Farmers, a retired boxer, health-care workers and , they’re all represented by a shifting demographic. People come and go. But an abiding belief in what they’re doing remains.

Music, Writing

Review of Lucinda William’s 2011 album, ‘Blessed’ published in Reverb Magazine

Marriage has apparently mellowed her but you wouldn’t know it from the tone of the songs on Lucinda William’s latest. They still excoriate, castigate and scorn as blithely as ever – and in as poetic a vein. Daughter of a nationally renowned poet who read his work at Bill Clintons second inauguration, Williams’ apparently effortless songwriting template has again produced a collection of  enduring classics delivered in her sublimely harrowed voice. Production is exquisite, Don Was steering a well-oiled machine with Elvis Costello donating gentlemanly, if sometimes suitably reckless guitar work.  On first lesson the album handles like its predecessors, never straying too far from the ‘Car Wheels’ handbook, but inevitable repeats leads to an understanding that you are listening to a ineffable mastery of modern songwriting.

Publicity jobs, Writing

James Cruickshank – press release for ‘Note to Self’

James Cruickshank, acclaimed guitarist and keyboardist for the Cruel Sea, releases his second solo album, Note To Self, through Mullumbimby’s Vitamin records.

Flashes of Sam Cooke, David Bowie, Tom Waits and Beefheart reveal in the swinging gait and crooked instrumental passages of a moody serenade through Cruikshank’s yellowed back pages. Tinkering with strings and keys, swamp jazz and electronic propulsion, these meditations on maturing in a Peter Pan era could have been recorded in a time capsule, but the production, resolutely 21st century, lands it safely in a contemporary quarter.

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Tumbleweed Live Review for Reverb Magazine Feb 2011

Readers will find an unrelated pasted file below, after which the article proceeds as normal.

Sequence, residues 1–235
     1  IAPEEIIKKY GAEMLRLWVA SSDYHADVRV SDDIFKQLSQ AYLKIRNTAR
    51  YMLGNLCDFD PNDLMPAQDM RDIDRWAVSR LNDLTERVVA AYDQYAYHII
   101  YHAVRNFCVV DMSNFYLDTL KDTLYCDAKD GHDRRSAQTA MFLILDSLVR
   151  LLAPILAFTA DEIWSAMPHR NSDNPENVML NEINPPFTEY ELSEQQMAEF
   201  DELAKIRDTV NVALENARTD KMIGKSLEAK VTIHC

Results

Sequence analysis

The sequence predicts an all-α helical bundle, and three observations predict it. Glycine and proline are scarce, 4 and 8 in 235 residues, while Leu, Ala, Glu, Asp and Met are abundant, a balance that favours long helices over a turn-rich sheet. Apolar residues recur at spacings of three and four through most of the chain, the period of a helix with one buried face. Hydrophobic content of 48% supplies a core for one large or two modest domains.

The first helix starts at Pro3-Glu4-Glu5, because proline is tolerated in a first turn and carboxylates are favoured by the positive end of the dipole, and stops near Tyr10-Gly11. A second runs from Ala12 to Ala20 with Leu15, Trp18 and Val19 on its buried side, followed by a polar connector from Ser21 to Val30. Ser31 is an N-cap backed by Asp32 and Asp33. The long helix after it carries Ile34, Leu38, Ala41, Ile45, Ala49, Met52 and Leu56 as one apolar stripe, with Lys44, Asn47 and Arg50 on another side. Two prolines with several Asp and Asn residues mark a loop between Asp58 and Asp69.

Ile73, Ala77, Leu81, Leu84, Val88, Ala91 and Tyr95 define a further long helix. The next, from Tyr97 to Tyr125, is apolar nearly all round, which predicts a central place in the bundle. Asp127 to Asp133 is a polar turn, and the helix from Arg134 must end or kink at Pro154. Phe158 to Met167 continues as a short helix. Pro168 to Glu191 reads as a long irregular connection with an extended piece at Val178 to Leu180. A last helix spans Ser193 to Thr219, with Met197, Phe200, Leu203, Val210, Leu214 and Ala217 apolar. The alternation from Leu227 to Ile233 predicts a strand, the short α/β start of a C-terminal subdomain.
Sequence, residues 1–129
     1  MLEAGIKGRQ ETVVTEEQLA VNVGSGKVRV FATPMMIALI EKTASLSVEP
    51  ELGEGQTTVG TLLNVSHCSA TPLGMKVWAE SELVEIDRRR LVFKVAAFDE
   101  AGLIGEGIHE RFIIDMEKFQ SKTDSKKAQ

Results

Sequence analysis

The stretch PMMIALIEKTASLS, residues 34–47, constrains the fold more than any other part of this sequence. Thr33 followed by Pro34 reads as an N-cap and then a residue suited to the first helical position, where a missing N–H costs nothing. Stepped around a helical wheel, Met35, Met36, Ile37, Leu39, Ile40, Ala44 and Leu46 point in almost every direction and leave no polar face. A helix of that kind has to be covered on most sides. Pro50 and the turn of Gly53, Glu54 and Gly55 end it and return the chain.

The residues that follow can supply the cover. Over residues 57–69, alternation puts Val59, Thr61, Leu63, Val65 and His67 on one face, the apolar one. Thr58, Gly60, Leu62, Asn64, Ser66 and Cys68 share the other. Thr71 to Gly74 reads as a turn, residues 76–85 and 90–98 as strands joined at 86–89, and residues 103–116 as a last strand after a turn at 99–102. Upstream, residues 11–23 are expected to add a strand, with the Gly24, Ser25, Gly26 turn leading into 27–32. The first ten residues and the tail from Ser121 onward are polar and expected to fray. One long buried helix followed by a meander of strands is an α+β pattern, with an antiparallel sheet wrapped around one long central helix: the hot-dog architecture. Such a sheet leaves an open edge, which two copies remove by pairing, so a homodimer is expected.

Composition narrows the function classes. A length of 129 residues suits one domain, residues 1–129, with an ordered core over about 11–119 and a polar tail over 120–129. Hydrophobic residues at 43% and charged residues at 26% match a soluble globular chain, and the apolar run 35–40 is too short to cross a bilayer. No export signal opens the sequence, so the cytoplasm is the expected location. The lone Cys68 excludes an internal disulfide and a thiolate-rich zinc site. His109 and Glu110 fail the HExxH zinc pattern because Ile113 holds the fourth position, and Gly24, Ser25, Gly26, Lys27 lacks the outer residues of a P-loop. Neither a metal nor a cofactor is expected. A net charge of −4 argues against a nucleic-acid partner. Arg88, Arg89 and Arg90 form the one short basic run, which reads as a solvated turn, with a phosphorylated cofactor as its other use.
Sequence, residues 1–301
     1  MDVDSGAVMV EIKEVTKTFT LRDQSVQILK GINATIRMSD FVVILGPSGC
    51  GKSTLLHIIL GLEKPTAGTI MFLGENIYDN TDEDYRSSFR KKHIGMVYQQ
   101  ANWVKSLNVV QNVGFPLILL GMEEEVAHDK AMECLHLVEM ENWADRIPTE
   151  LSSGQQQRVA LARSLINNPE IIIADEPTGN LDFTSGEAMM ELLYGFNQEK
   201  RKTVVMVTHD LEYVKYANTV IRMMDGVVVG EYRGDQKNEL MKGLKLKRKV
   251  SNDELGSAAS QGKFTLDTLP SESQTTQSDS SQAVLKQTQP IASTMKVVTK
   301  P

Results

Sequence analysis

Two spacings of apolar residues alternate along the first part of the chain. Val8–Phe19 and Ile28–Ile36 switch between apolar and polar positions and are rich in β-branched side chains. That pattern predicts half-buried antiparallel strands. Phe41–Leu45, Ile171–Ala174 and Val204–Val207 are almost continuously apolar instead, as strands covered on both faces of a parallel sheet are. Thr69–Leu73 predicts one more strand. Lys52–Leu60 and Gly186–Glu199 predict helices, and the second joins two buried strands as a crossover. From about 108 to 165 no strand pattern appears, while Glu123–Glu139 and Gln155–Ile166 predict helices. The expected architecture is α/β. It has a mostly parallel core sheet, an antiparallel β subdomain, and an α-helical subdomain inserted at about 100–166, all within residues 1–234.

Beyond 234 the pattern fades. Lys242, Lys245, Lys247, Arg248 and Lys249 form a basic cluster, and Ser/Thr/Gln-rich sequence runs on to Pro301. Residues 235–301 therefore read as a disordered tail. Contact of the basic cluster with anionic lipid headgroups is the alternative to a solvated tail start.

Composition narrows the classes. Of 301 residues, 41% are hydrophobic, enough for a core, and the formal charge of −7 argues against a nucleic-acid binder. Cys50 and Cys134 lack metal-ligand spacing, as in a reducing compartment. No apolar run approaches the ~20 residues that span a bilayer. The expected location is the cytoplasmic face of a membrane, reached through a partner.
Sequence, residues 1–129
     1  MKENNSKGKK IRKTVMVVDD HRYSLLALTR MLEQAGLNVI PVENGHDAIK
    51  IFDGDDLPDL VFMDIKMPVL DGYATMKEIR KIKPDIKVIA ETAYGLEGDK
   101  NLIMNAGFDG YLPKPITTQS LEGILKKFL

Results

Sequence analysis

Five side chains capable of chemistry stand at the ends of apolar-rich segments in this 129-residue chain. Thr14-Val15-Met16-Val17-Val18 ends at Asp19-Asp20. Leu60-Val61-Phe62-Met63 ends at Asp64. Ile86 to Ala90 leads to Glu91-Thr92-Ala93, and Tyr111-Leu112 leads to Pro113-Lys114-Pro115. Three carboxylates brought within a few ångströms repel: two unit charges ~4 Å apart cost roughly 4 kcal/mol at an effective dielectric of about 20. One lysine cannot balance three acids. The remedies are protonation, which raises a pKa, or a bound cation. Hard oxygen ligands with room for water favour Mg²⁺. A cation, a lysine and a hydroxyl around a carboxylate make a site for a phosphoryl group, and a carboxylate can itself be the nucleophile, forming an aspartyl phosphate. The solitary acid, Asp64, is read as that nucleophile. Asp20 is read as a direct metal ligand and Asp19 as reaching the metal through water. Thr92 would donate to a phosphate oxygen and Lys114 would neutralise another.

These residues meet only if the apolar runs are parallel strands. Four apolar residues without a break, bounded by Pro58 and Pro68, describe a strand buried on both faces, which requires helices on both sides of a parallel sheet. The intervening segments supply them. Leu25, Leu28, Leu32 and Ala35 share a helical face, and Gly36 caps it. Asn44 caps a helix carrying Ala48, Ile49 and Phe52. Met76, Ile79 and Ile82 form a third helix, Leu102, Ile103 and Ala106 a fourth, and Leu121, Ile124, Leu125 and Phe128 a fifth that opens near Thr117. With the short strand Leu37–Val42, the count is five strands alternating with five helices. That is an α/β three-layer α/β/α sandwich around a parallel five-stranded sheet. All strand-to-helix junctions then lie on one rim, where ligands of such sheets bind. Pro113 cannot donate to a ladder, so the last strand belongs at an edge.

Tumbleweed’s summer tour may have been blighted by Biblical plagues and a distinct dearth of Triple J’s paternal attentions, but there was more venom and fun and pure raunch in every riff-packed number than in any of the fifty hot new things the yoof network flings at us every month.

They rolled and swung and stung like some kind of punch-drunk lurching phenomenon. Ali in Zimbabwe, Keating in question time, the Stones in exile.

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Chris Bailey interview, published in Reverb Magazine 11/1/2011

The Saints came blazing out of Brisbane in 1974  and are largely credited as pioneers of the punk movement in  Australia. As frontman and angry young rock poet, Chris Bailey’s notoriety was centred around the frenetic echoes of such punk classics as ‘Stranded’. But as he prepares for an Australian theatre tour with acclaimed folksinger Judy Collins, whose work has been covered by the likes of Leonard Cohen and Rufus Wainwright, Bailey observes that such tags are meaningless in the greater context of music.

“If you go to the extreme view of things we’re probably the most two unlikely artists to be on the same stage on the same night, but show-business puts you into a box, so you’re either a rock artist, a folk artist, a punk artist, or an R&B artist, but it’s all just music.